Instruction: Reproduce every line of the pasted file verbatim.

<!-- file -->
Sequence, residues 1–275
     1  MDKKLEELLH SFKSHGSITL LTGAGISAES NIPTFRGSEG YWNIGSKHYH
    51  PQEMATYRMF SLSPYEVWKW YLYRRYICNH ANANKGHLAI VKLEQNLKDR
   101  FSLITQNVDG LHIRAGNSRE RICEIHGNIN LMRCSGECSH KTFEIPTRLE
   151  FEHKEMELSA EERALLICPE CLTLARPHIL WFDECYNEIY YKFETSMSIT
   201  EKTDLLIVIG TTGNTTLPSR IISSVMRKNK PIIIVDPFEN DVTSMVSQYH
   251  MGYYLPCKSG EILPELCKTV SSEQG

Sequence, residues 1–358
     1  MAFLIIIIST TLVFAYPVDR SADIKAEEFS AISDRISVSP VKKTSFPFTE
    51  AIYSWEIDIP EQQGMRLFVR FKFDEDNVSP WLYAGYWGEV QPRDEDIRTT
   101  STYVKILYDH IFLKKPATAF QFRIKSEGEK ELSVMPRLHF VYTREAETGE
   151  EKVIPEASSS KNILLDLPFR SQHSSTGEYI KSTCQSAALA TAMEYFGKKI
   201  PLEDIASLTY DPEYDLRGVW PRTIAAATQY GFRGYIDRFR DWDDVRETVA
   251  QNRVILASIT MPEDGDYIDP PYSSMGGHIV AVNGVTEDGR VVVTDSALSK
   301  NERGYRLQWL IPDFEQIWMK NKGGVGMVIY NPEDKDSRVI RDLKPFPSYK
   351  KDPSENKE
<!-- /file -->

Sequence, residues 1–275
     1  MDKKLEELLH SFKSHGSITL LTGAGISAES NIPTFRGSEG YWNIGSKHYH
    51  PQEMATYRMF SLSPYEVWKW YLYRRYICNH ANANKGHLAI VKLEQNLKDR
   101  FSLITQNVDG LHIRAGNSRE RICEIHGNIN LMRCSGECSH KTFEIPTRLE
   151  FEHKEMELSA EERALLICPE CLTLARPHIL WFDECYNEIY YKFETSMSIT
   201  EKTDLLIVIG TTGNTTLPSR IISSVMRKNK PIIIVDPFEN DVTSMVSQYH
   251  MGYYLPCKSG EILPELCKTV SSEQG

Sequence, residues 1–358
     1  MAFLIIIIST TLVFAYPVDR SADIKAEEFS AISDRISVSP VKKTSFPFTE
    51  AIYSWEIDIP EQQGMRLFVR FKFDEDNVSP WLYAGYWGEV QPRDEDIRTT
   101  STYVKILYDH IFLKKPATAF QFRIKSEGEK ELSVMPRLHF VYTREAETGE
   151  EKVIPEASSS KNILLDLPFR SQHSSTGEYI KSTCQSAALA TAMEYFGKKI
   201  PLEDIASLTY DPEYDLRGVW PRTIAAATQY GFRGYIDRFR DWDDVRETVA
   251  QNRVILASIT MPEDGDYIDP PYSSMGGHIV AVNGVTEDGR VVVTDSALSK
   301  NERGYRLQWL IPDFEQIWMK NKGGVGMVIY NPEDKDSRVI RDLKPFPSYK
   351  KDPSENKE